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Defending the ‘geographical’ frontiers

Riaz Missen
The baton of command changing hands at General Headquarters (GHQ) has urged the commentators and analysts to highlight the challenges confronting the new army chief. The mixed legacy of the outgoing general, Ashfaq Pervez Kiyani,  whereby he endorsed the civilian supremacy over army but was also assertive on the freedom of choosing the time to act against FATA militants, is very much in the limelight.

The fear of Afghan instability in post-2014 scenario has turned the realist stock of strategist and the new chief has been courted loudly by the right-wing elements urging him to essentially win peace with local Taliban through talks rather than military offensive. There is nothing to be decided by the army chief alone. Ultimately, it is the civilian government which has to respond to varying nature of threats, arising out of socio-economic structure of the society (which is simultaneously sectarian as well as ethnic) and the strategic environment to chalk out a middle course.
The western media, while reviewing Kiyani’s tenure, has stuck to the line that Pakistan could not come up to the expectations of the US, which was spearheading the War on Terror, as for as playing it’s frontline state role was concerned.

For seven long years, including the extended tenure of Kiyani, Washington continued demanding more but only meeting a cold response.
In early 2010, the Obama administration passed “Enhanced Partnership with Pakistan Act 2009” pledging $ 1.5 billion annual assistance to Islamabad in a hope that it will reciprocate and help it turn tables on militants in the areas around Durand Line but it could not secure any assent till monsoon came roaring in and flash floods displaced 20 million people across the country.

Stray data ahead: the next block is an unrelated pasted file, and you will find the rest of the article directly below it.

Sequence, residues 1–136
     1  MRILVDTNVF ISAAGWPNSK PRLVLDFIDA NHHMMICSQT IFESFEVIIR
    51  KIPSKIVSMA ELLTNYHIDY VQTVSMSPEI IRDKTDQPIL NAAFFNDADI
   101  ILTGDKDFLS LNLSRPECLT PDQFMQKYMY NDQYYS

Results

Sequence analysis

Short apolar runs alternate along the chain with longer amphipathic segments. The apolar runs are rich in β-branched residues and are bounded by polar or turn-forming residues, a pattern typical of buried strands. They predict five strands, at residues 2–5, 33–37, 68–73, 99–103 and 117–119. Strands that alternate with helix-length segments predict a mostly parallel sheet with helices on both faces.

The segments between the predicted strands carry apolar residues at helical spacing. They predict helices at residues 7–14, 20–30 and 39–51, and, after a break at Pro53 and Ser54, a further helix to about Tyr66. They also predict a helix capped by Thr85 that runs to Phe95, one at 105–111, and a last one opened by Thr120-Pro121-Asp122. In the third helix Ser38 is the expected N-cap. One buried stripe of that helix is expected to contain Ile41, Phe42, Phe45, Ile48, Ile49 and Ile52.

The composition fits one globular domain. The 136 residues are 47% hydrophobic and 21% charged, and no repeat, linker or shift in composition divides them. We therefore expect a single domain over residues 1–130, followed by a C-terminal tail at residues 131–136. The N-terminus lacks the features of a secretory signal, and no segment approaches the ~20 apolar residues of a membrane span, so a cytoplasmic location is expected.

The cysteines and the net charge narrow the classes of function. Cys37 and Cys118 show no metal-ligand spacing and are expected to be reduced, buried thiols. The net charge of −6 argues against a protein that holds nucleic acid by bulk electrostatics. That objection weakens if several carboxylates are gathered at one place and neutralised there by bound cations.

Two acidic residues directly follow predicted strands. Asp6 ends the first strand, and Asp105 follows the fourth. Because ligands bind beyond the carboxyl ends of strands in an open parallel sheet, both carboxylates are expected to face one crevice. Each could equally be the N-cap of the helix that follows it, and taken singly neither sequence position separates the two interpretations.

But the US did revive its demand for all out military operation along the Durand Line after extended full-fledged help to the victims of natural disaster.

“What could be more appropriate time after the 33,000 surge forces had landed into Afghanistan in late 2009 and ready to wipe out militants on that side of the border,” the US Chairman of Joint Chief of Staff Mike Mullen, wondered as he shuttled between Washington and Islamabad urging Kiyani, who got 3-years extension in his tenure in October 2010, to move army into FATA but met only a cold logic, “We have our own time to choose”.

While Pakistan showed no willingness to accept and meet deadlines, the growing American frustrations ended up in Salala incident of November 2011 and finally closure of its airbases by Pakistan and suspension of every operational links with the NATO for seven months. Mistrust between Islamabad and Washington grew further after US unilateral military operation against Al-Qaeda chief, who was found and killed by US SEALs in Abbotabad in May 2012 at a walking distance from a military academy.
Actually, military’s experience with FATA had started long before the PPP-led regime came to power or Kiyani was promoted as army chief from his top position in the country’s spy agency. Pakistan’s frontline state role, which had qualified it for a $ 10 billion favor from the US, had required it to renounce, first of all, the militancy as a tool to advance political ends in the neighborhood and deny sanctuaries in FATA to the militants fleeing the haze of the War on Terror.

The US military strategists had relied heavily on Islamabad’s role in establishing a constitutional government in Afghanistan, after the overthrow of Taliban regime, and undertaking necessary rebuilding and rehabilitation work. What they had missed was Indian viewpoint on the War on Terror and its ability to divert Pakistan’s attention that it did through mobilizing and stationing its troops for one long year on its western borders following attacks on Indian Parliament.